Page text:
Breaking ground in winter: pros/cons?
We've finally sold our house! So we now we can move forward with our build without risking having two float two mortgages. We are not at a point with our design where we could break ground tomorrow, but I think we could get there by mid-January. Alternatively, we could wait until April or May. Our rent will be less than our current or future mortgages, so delaying the start of construction wouldn't be a financial burden, we just don't want to stretch things out, because once the builder has taken his first draw on the loan, we start paying interest.
1) We're building in Minnesota.
2) Multiple builders have told us they can build year-round here.
3) We know we would have to pay for heaters to cure the concrete foundation if we pour during the winter.
4) Our lot is heavily wooded, so a significant number of trees will have to be removed from our building site.
5) The extended forecasts I can find all point to a mild winter (as Minnesota winters go-- it will still be below freezing for all of Jan. and Feb.)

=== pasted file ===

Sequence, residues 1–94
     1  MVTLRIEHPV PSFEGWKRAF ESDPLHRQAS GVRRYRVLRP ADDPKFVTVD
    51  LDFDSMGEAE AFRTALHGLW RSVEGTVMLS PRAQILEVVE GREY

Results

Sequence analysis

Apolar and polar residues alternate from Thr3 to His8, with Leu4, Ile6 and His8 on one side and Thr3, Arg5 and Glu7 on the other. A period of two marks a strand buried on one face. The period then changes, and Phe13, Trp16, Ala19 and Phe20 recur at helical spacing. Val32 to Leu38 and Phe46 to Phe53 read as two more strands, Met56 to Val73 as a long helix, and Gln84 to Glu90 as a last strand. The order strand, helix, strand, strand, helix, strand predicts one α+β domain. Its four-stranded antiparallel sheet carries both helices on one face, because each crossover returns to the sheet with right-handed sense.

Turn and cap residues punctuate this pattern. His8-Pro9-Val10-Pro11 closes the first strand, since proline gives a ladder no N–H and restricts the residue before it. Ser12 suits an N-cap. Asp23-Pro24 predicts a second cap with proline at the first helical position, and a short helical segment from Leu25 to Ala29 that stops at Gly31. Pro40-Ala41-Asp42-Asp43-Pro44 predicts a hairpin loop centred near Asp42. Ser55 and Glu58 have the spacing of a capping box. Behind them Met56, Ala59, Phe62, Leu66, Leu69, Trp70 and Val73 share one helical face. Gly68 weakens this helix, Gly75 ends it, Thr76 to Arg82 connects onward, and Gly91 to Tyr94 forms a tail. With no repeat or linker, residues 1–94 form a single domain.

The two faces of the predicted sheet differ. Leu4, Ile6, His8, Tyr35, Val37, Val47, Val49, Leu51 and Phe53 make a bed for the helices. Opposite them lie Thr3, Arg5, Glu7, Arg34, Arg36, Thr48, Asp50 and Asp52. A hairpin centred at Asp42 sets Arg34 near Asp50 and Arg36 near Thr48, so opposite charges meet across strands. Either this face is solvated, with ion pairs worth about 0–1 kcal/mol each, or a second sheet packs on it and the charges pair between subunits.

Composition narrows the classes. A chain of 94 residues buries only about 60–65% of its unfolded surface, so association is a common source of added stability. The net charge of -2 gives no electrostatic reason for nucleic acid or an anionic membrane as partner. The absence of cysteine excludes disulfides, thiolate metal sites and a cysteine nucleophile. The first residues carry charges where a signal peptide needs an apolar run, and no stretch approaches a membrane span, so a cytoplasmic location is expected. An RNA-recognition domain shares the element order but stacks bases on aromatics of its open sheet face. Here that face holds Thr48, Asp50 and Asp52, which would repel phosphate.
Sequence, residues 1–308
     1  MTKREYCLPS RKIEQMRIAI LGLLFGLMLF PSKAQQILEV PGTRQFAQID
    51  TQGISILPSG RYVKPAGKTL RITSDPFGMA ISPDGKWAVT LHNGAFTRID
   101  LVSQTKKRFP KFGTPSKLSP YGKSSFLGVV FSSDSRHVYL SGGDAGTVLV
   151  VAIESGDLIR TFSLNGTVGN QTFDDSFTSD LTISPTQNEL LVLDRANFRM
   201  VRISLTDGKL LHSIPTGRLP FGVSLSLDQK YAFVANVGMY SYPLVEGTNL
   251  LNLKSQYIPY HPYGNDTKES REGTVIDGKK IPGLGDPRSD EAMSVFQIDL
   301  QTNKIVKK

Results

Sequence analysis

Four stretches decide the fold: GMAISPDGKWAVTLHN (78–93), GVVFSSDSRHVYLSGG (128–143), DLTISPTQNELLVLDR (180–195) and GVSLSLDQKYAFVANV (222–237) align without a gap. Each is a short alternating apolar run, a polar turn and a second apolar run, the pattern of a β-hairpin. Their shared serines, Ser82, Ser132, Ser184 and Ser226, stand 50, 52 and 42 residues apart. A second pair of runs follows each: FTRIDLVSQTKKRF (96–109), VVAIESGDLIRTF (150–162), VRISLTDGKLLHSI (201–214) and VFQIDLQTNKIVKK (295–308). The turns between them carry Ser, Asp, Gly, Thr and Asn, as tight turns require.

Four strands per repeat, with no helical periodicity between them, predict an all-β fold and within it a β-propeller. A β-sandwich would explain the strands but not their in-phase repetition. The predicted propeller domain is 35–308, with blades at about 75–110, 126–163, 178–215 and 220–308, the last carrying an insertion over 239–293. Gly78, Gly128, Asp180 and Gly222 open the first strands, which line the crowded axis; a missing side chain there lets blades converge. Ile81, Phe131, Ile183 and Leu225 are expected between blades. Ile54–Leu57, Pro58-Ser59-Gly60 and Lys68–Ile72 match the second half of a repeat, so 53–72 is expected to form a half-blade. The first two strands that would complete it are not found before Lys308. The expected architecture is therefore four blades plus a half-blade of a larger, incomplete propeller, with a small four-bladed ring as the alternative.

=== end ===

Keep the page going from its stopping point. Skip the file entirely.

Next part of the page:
6) A friend has said that we ought to be able to get cheaper labor rates in the winter, and that might compensate for some of the added costs.
7) We're planning a stick-built, vinyl-clad, two-story house with a full, poured-concrete, walk-out basement.
Obviously, I'd like to get into my new house as soon as possible, but I don't want to pay a huge premium for a couple extra months, and I don't want to have a house that settles more than normal or something because all the framing was done when the wood was frozen. My builder will be able to give me an idea of the cost implications, but I'm wondering what else might be impacted by building in winter.
My gut feeling about snow is that it's easier to shovel or sweep our snow than undo the damage of a strong thunderstorm. Am I wrong about that? Do either make much difference?
Thanks for any feedback!